I have some sympathy with this statement:
"This analysis misleadingly claims to represent the average situation, but it is undermined by the carefully-selected assumptions on which it is based."
Smith & Williamson estimates that the total taxes paid by a typical family with two children, buying an ordinary terrace house, have soared from 36p in the pound to 54p since 1997.
Well, yes. Only if they move house though and that’s because a hige chunk of it is the stamp duty on a house which has soared in price. So it is very much a cherry picked number.
A Treasury spokesman said the tax burden on the average family had fallen since 1997.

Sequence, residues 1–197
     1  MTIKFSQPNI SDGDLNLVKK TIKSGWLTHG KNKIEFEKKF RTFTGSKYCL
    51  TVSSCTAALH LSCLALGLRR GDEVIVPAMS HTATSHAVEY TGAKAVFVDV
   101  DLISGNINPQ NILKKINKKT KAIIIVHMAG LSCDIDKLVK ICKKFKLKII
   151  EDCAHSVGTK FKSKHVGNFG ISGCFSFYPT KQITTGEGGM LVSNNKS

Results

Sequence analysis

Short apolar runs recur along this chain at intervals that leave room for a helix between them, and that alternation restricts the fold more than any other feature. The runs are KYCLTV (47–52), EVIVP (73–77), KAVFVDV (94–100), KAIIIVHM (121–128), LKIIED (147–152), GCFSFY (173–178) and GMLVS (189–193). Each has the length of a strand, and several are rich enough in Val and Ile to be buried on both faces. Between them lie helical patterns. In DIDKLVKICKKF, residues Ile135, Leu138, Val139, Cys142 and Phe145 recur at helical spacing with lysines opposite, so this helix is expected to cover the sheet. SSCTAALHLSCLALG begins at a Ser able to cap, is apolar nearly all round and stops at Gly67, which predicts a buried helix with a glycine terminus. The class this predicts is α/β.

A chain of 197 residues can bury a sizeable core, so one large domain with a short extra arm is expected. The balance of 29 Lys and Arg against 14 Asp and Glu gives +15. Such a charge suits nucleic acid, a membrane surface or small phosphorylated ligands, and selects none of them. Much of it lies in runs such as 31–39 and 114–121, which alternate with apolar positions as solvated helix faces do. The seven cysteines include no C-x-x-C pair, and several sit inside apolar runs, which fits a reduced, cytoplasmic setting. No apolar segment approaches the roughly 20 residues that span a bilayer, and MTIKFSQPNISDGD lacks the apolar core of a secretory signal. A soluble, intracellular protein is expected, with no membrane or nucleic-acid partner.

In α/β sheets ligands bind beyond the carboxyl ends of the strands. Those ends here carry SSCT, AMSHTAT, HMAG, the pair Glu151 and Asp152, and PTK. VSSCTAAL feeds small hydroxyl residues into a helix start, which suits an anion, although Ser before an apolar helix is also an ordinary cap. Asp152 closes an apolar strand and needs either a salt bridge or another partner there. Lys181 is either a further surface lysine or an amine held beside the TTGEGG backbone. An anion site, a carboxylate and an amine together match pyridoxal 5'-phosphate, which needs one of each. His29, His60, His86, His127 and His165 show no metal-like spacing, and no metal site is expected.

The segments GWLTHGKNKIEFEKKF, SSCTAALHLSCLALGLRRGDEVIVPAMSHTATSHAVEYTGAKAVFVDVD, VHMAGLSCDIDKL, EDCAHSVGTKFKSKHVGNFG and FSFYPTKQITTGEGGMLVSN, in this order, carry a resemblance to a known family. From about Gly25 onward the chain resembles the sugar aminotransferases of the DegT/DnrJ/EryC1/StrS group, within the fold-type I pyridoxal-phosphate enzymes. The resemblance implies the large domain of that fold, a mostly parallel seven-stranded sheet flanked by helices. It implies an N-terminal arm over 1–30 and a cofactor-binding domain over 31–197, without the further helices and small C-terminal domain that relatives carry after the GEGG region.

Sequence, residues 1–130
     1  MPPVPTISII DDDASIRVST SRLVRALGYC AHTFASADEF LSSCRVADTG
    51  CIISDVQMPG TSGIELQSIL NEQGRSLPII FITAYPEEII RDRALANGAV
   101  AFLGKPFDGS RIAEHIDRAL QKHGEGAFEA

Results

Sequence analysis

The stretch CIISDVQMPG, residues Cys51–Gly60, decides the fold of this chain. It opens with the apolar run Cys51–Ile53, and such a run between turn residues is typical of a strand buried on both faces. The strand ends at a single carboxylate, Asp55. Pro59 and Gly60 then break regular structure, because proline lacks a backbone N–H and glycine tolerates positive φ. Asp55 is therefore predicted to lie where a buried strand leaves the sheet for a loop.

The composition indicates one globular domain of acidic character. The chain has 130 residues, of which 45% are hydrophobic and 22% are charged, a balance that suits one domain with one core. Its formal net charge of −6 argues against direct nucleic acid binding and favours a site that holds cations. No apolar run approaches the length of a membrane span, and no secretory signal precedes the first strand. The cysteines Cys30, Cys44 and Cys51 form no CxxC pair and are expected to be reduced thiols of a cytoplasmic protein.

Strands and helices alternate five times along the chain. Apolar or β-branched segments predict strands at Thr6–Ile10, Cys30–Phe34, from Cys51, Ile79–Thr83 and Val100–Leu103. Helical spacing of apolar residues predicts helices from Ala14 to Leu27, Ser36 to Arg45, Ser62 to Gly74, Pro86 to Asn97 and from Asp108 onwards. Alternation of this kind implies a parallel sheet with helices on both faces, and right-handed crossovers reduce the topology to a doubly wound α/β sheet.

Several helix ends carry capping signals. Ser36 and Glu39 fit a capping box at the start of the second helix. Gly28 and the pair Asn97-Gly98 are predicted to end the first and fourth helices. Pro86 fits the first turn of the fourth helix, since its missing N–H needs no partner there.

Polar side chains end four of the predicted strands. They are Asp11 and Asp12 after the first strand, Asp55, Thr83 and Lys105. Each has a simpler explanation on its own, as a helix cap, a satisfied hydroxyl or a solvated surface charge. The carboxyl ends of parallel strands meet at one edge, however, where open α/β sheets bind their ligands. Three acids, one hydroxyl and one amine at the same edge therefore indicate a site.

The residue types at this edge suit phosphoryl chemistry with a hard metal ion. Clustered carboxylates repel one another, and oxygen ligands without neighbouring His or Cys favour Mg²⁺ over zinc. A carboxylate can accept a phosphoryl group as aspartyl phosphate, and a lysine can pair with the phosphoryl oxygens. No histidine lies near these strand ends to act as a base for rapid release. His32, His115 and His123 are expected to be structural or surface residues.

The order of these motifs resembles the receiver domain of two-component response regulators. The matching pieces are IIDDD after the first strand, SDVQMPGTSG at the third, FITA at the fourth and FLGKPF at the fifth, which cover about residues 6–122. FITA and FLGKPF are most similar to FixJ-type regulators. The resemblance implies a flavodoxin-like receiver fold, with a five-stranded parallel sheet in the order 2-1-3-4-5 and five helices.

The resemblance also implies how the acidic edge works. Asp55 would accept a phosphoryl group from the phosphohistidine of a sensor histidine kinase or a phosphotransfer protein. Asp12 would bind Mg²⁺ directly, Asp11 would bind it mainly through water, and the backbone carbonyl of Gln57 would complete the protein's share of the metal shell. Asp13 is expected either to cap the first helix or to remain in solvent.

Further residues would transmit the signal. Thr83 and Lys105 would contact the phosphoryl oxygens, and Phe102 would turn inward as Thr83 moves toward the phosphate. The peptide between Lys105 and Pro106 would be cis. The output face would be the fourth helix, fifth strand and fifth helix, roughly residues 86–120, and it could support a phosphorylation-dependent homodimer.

But that I flat out do not believe. It is clearly not true in nominal, monetary terms. I doubt very much if it is true in percentage terms. And if we remember that to spend (even to promise to spend) is to tax, then it most certainly isn’t true. For we’d have to add in to the tax burden all those wonderful promises for the future, like public sector pensions, the future PFI payments and the Trreasury debt itself.